SYDNEY - In a notably half-hearted defence of his party leader, Australian Liberal MP Kevin Andrews last Friday (Nov 3) reaffirmed his political loyalty but proceeded to describe Prime Minister Malcolm Turnbull as the leader "at the moment".
As those three words indicate, Australia's long-running leadership circus is back.
Three Australian prime ministers have been toppled by internal party coups since 2010 - Mr Kevin Rudd, Ms Julia Gillard and Mr Tony Abbott - and Mr Turnbull's future is looking increasingly shaky.
The most immediate threat for Mr Turnbull is the nation's somewhat bizarre dual citizenship crisis which is slowly eating away at the ruling Liberal-National coalition's razor-thin parliamentary majority.
Following a High Court decision that confirmed that Australia's constitution strictly bars MPs from being dual citizens, five MPs were disqualified, including former deputy prime minister, Mr Barnaby Joyce.
A sixth legislator - Mr Stephen Parry, the Liberal former president of the Senate - has since resigned after confirming he was a British citizen and more could soon be on their way.
These include Mr John Alexander, another Liberal who this week revealed he may also be a British citizen via his father. If Mr Alexander is disqualified, the ruling coalition will be left with just 74 seats in the 150-seat Lower House and will be at the mercy of independent MPs. Two other Liberal MPs - of Greek and Hungarian ancestry - are also under potential threat.
Mr Turnbull admitted on Tuesday that further disqualifications of MPs could have "consequences" for the future of his government. This is because Lower House members who are disqualified will be forced to recontest their seats at by-elections. If any lose, this could cost the coalition its parliamentary majority.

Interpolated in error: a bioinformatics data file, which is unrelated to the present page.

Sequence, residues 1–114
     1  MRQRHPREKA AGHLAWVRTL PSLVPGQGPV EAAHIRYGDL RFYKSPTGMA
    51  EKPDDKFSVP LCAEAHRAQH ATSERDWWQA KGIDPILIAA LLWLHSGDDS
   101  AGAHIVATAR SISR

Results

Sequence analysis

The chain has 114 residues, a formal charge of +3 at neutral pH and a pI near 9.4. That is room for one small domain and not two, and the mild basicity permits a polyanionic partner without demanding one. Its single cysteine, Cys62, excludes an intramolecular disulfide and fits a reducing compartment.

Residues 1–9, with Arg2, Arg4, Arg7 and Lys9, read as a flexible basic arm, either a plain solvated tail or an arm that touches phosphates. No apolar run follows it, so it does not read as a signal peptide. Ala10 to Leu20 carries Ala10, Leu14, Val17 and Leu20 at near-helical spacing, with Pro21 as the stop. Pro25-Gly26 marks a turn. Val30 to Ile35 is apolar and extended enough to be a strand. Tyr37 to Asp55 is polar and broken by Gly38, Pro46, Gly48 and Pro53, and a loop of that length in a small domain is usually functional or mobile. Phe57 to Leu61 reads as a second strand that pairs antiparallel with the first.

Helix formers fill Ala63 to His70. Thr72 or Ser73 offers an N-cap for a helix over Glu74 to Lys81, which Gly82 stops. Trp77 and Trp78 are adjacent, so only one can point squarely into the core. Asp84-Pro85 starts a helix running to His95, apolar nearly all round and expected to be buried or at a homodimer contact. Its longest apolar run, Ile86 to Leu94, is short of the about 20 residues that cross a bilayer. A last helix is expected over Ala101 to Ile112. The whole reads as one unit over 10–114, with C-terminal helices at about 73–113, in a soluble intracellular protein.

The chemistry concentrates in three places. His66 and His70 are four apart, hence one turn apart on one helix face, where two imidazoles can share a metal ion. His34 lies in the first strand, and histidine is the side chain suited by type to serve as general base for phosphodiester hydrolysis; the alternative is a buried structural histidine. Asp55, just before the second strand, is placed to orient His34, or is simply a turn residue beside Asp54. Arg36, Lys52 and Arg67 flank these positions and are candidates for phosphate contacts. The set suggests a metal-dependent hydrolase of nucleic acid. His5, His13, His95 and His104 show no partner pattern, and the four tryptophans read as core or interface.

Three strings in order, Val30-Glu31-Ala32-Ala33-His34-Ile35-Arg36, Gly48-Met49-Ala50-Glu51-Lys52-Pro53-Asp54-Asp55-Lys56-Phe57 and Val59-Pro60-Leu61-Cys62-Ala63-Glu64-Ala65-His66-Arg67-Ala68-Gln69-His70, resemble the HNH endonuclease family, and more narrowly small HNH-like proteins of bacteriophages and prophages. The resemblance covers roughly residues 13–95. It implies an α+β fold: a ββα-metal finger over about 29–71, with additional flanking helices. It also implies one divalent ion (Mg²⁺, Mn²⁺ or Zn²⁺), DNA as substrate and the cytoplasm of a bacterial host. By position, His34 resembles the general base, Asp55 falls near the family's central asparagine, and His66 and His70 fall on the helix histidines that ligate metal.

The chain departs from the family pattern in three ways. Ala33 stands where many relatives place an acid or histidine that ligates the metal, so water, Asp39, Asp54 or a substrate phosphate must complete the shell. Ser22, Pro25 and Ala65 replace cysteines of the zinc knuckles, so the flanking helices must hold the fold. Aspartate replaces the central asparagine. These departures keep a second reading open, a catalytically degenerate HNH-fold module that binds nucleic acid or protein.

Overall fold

"Depending on the result of the by-elections, that could have consequences for the Government," Mr Turnbull told ABC News.
Mr Turnbull has come under heavy criticism for his handling of the dual citizenship crisis.
For weeks, he resisted calls for an audit to check the citizenship of all MPs, denouncing such a move as a "witch hunt".
As the pressure grew - and the eligibility of more MPs came under question - he finally announced on Monday a plan to force them to declare that they are not dual citizens and to prove that they have renounced any foreign citizenship.
Political commentators said Mr Turnbull's turnaround came too late and left him facing the risky prospect of multiple by-elections in the coming months.
"The citizenship fiasco is an enduring wound which makes it very hard to see how Malcolm Turnbull will find momentum to instigate a political recovery to be competitive at the next election," political commentator Peter van Onselen wrote this week in The Australian.
The disappointing result at the 2016 election, when the coalition limped back to power with a tiny majority, has left lasting cracks in Mr Turnbull's leadership.
To retain the support of right-leaning MPs in the coalition, he has distanced himself from previously progressive views on issues such as same-sex marriage and climate change. But this appears to have left him in a political no-man's land: he has lost the support of many centrist and left-leaning voters but continues to be attacked by right-wing commentators who do not trust his political instincts.
Significantly, when Mr Turnbull explained his move to oust Mr Abbott in 2015, he said that the coalition under his predecessor trailed the opposition Labor party in 30 successive Newspoll surveys. Mr Turnbull has now trailed Labor for 22 successive Newspoll surveys, which are typically taken every two to three weeks.
There are now growing murmurings of a party revolt if the Prime Minister cannot improve the coalition's standing in the opinion polls. The two most likely alternative leaders are the Foreign Minister and Deputy Liberal leader, Ms Julie Bishop, and the hard-line Immigration Minister, Mr Peter Dutton.
Fortunately for the Prime Minister, most MPs for now are not yet following the lead of Mr Andrews.